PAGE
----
1st Edition

Dynamic Software Development
Managing Projects in Flux




ISBN 9780849312922
Published September 30, 2002 by Auerbach Publications
264 Pages 133 B/W Illustrations

USD $115.00

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Book Description

The ever changing nature of information makes the job of managing software development notoriously difficult. Dynamic Software Development: Managing Projects in Flux eases the burden by defining the principles, practices, skills, and techniques needed to manage a dynamic development environment. At a hands-on level, the text helps managers define the project goal and the actual situation, plan progress, manage developers, and monitor productivity. At a higher level, the book helps managers determine a strategic framework, ease workflow in the development environment, obtain funding, increase economic return, and implement leadership by consensus.

Targeted at those who manage information systems, corporate information, and developers, the book features a section at the end of each chapter to help you apply and customize the recommended techniques to your specific organization. It addresses recent approaches to building applications such as Extreme Programming, Adaptive Software Development, and "lightweight" methodologies. Noting the failure of similar techniques in the past, the author shows how such ideas can only achieve their true potential via the common, consistent management techniques outlined in Dynamic Software Development.

About the Author:

Timothy Wells is a recognized expert in project management and project planning. Mr. Wells is an associate professor in Information Technology at the Rochester Institute of Technology. He has more than 28 years of experience in the software industry. His current focus is on information asset management and the effective use of technology for improving organizational performance.

Table of Contents

Defining the Goal…Or Visualizing the Ideal
Skills and Success
Knowledge Management
Manager's Nightmare
Information as the Manager's Tool
Trust What You Know, Not What You Are Told
Applying Dynamic Management
Defining Work…Or What's Really Happening in the Trenches
A Day in the Life of a Developer
Relating Management to Work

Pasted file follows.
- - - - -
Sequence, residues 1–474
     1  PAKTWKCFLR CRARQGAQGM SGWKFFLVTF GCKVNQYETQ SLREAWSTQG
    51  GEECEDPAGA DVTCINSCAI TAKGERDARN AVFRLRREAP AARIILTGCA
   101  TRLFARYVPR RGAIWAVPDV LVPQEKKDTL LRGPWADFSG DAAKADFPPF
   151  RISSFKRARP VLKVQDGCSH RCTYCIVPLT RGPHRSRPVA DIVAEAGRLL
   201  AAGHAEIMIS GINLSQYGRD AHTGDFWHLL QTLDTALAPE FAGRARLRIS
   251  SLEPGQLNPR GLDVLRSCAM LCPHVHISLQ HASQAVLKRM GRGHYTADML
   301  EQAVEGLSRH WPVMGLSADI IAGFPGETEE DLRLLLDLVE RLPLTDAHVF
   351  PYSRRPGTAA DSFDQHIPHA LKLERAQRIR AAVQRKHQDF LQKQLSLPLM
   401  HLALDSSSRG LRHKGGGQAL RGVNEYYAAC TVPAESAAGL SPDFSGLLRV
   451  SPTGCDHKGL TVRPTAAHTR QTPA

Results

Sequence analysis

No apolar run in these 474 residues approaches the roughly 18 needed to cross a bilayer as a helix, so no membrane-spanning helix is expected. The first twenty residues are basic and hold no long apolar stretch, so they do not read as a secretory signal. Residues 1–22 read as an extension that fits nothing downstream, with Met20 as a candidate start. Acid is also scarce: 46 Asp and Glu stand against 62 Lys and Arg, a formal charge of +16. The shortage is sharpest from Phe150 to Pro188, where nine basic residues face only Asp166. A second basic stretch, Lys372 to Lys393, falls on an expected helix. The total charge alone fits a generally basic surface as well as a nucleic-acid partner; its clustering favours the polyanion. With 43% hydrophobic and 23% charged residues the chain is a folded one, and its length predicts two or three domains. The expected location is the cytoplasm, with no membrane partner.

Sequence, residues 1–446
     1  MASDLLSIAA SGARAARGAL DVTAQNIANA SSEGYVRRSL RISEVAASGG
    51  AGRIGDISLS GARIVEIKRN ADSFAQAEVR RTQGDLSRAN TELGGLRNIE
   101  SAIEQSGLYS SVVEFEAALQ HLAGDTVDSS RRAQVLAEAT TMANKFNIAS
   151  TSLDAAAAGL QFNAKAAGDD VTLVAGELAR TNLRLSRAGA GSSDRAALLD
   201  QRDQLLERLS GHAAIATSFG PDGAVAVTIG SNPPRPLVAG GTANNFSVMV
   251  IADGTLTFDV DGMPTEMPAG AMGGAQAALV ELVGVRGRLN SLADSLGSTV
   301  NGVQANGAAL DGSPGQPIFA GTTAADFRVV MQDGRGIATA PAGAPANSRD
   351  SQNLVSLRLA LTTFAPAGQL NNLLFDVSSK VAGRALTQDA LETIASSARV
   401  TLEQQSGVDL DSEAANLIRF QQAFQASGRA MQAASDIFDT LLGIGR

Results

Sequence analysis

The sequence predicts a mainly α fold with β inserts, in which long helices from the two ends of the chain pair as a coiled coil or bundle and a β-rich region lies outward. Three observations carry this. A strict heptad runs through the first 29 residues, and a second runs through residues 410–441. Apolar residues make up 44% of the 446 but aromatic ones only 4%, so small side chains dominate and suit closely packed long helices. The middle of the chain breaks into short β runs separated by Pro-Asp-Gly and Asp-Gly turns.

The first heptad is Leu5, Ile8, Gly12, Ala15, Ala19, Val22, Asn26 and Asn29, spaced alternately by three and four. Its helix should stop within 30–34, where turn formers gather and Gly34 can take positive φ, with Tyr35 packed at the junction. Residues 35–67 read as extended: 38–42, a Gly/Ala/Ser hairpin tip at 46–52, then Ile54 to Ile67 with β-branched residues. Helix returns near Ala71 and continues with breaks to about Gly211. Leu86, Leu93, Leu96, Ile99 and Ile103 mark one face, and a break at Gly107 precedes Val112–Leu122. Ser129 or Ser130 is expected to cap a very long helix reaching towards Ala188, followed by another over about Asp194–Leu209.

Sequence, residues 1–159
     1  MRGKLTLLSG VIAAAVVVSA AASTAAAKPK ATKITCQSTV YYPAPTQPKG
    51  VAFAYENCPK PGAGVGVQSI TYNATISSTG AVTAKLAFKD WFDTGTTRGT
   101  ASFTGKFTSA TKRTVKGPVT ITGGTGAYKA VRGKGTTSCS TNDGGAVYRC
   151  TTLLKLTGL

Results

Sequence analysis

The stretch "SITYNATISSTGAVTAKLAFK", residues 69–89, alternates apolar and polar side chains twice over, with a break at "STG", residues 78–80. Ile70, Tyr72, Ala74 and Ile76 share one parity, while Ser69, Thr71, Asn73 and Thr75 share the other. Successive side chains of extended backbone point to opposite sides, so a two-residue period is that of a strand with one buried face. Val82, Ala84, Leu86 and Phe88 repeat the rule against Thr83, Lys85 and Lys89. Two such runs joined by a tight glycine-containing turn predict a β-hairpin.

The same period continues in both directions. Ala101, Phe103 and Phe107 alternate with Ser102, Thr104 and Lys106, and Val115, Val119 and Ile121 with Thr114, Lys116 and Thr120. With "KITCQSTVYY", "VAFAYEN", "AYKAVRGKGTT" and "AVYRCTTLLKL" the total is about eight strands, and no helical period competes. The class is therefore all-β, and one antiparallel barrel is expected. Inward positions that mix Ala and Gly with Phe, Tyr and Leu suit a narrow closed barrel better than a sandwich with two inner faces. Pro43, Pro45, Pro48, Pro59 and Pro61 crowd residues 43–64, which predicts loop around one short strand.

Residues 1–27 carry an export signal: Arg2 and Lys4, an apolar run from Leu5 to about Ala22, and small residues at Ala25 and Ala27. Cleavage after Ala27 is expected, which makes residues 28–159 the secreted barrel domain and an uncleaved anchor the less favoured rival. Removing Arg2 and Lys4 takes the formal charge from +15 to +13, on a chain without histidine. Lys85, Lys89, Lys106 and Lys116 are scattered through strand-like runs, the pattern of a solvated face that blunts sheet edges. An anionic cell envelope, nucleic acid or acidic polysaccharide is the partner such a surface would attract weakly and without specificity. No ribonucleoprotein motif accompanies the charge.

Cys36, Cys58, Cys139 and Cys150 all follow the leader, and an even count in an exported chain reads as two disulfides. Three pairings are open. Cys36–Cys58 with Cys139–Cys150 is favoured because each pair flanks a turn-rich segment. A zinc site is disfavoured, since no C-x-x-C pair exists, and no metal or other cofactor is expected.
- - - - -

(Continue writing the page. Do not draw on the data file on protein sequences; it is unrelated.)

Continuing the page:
A Unit of Work = Chunk of Information
Defining Tasks
Projecting Size
Work and Corroboration
Make It Specifically Yours
Applying Dynamic Management
Planning Progress…Or What You Don't Know Can Hurt You
Information Structure
Real Building Blocks
Reward Complete Thinking
Real Uncertainty
Watch the Result, Not the Process
Applying Dynamic Management
Managing Developers…Or Dance With the One Who Brought You
No Management? No Documentation?
Diverse Skill Set
Combining Work and Learning
The Team of One
Multi-Team Efforts
Motivating by Rewarding Consistent Work
Applying Dynamic Management
Monitoring Productivity…Or Getting Better All the Time
Measuring Work Done
Measuring What Has Changed
Determining Work's Cost
Demanding Enhanced Value
Applying Dynamic Management
Strategic Framework…Or Metadesign Integrity
The Importance of System Architecture
Technology Decisions
Mapping Architecture to Elements
Architecture's Dark Side
Applying Dynamic Management
Constructive Development Environment…Or Making Work Flow
Conflict within the Environment
Seven Components of a Development Environment
Sources of Conflict
Assessing the Environment
Ongoing Assessment
Applying Dynamic Management
Managing Managers…Or I'm OK, but the Rest of Them?
Dealing with Expectations
The Delegate Channel
The Collaborate Channel
The Service Channel
Selling Enhanced Value
Applying Dynamic Management
Funding and Economic Return…Or Paying the Way
Funding as Risk Containment
Funding the Perpetual Effort
Paying for Asset Development
Applying Dynamic Management
Leadership by Consensus…Or if You're Going My Way
Decision Councils
Leadership through Criticism
Need for Responsibility
Applying Dynamic Management
Postscript
Appendices
Distorted Reality…Or Why Phased Management is Appealing
Where to Begin…Or Getting Started with Dynamic Management
Capability Maturity Model and Dynamic Software Management
Dynamic Management Information Model
Glossary
Reading List
DSM Case Study
Each chapter concludes with a case study excerpt

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Reviews

"If you wish Information Technology projects would add business value and avoid missing deadlines, then read this. This book offers Information Technology project managers a method to ensure: no one is surprised (expectations are met), users are delighted, developers feel good about their work, change requests are quickly and successfully addressed."
- The Measured Newsletter

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